As a Huaiyang-style chef, Hou says his hometown of Yangzhou has its own version using an array of meatballs made from pork, fish, and duck. There will also be pork skin and egg-skin jiaozi.

Other popular Huaiyang dishes served at the restaurant include whole pork hocks braised with rock sugar, pea sprouts and water celery. The water celery, especially, is an auspicious seasonal vegetable because of its hollow stems. It is given the name "lu lu tong" which means "all channels open", presuming for wealth and prosperity.

Hou says he will be back in Yangzhou cooking with his family during the holidays, and they will make brown-braised meatballs, steamed mandarin fish, and chicken soup. In their part of the country, families will eat wonton instead of jiaozi.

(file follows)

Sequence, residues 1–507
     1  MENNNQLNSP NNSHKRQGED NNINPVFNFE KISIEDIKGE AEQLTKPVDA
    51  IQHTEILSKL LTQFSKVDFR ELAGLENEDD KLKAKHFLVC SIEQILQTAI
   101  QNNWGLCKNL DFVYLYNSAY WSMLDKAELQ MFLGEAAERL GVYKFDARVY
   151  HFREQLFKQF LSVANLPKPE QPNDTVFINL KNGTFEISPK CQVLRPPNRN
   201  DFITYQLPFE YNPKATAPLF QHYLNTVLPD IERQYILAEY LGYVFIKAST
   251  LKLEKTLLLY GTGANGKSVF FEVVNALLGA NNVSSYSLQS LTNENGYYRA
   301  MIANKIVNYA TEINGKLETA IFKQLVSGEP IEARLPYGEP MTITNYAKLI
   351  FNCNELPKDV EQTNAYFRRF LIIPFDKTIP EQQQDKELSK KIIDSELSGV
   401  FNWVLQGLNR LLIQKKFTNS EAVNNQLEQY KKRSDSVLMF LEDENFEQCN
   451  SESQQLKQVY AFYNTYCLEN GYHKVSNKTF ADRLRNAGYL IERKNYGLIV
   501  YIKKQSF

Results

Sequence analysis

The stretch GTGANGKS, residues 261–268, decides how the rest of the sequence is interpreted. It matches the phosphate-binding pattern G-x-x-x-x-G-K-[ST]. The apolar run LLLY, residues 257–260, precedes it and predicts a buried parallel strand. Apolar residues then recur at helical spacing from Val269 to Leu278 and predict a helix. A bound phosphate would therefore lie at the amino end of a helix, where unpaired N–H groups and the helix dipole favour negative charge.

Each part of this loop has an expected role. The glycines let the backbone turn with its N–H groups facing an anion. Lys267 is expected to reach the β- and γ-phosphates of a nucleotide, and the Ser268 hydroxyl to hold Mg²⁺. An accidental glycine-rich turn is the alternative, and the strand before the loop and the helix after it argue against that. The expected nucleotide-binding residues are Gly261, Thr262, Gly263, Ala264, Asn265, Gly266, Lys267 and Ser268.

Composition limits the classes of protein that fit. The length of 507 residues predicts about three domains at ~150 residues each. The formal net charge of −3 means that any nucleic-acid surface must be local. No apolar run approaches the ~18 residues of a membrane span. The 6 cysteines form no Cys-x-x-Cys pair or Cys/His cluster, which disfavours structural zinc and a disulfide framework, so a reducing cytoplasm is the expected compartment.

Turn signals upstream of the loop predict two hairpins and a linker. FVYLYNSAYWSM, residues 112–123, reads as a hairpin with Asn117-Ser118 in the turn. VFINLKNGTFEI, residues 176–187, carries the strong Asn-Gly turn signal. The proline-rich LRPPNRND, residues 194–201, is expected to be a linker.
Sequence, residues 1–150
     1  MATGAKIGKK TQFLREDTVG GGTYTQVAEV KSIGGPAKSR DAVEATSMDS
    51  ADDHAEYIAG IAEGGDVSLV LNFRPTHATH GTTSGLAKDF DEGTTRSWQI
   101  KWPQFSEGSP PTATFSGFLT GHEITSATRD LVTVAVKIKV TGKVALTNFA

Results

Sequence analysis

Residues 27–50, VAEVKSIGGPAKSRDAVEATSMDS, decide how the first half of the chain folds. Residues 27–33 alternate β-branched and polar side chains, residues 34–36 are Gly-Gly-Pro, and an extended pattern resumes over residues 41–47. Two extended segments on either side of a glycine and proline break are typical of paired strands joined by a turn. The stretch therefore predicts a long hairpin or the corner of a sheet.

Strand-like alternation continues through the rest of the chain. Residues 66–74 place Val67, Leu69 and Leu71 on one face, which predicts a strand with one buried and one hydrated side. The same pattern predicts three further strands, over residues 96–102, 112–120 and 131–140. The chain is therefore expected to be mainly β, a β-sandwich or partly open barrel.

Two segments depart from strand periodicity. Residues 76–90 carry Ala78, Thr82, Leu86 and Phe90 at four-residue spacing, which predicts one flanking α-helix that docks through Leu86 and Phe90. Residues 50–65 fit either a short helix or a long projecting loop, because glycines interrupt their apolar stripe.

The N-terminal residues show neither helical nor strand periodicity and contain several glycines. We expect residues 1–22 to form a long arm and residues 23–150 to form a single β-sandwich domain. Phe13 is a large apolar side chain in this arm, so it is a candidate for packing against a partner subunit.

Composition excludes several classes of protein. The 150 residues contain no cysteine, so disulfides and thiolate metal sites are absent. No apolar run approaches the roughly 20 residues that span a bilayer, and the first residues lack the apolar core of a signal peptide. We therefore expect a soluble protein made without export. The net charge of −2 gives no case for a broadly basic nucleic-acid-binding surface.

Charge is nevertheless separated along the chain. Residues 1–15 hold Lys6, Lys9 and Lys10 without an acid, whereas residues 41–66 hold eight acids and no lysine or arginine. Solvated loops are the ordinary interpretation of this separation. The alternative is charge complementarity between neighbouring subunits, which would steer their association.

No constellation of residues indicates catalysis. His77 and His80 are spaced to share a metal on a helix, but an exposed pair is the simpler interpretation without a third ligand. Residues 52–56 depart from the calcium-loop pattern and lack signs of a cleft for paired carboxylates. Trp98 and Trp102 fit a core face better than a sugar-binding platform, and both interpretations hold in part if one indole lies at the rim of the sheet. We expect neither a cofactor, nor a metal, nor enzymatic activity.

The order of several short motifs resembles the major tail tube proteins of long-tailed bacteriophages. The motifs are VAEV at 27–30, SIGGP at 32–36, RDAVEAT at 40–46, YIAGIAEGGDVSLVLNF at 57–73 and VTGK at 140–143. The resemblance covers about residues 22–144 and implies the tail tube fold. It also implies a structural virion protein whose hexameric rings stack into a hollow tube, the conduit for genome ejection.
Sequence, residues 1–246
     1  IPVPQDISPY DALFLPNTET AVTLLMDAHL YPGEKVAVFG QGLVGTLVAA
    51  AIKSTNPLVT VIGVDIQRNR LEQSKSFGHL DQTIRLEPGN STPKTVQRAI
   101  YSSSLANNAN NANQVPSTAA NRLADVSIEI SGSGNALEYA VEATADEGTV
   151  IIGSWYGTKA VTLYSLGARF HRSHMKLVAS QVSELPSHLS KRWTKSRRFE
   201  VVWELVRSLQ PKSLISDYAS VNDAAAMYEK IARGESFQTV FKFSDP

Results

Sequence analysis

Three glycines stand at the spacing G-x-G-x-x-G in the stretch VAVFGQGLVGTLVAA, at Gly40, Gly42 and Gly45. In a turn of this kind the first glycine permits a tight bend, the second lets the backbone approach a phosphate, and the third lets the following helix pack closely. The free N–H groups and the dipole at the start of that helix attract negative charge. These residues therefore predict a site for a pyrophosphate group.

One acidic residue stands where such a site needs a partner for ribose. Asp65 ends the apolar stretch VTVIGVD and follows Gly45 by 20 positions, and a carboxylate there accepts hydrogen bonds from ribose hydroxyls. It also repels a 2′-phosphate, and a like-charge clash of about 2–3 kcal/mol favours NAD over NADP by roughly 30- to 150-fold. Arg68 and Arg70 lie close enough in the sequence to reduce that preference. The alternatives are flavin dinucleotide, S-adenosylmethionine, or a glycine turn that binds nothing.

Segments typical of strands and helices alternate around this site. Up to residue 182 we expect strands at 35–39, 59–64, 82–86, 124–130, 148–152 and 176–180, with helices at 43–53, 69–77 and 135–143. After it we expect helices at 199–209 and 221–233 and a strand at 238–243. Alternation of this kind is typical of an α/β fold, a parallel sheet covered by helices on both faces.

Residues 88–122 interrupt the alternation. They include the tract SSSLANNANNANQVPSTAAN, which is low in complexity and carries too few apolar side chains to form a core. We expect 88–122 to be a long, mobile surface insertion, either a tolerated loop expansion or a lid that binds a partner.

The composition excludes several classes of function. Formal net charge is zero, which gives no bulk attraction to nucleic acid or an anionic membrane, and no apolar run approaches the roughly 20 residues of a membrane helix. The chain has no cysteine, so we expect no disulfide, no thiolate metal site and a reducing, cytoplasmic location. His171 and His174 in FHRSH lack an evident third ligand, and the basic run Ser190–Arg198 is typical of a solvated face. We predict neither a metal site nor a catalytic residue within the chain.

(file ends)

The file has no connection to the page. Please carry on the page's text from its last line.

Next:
In the coming Year of the Horse, Hou says Huaiyang cuisine will become more popular.

"Huaiyang home-style dishes are popular because they are light. With the government's curb on public spending, restaurants will turn to catering for the common folks."

- Ye Jun

Eat healthy, eat fresh

Chan Yan-tak Chef, Lung King Heen, Four Seasons Hong Kong

Eating and cooking at home takes on new meaning when you are a three-star Michelin chef like Chan. And as a Cantonese chef, every ingredient must have an auspicious name.

"I love making steamed fish, air-dried oysters and sea moss. We also have a steamed pig tongues with salted black bean during the Lunar New Year. Steamed fish is always my favorite as I love going to the wet market and finding a very fresh fish to cook for my family.

"Fish also means surplus and is very lucky," he says.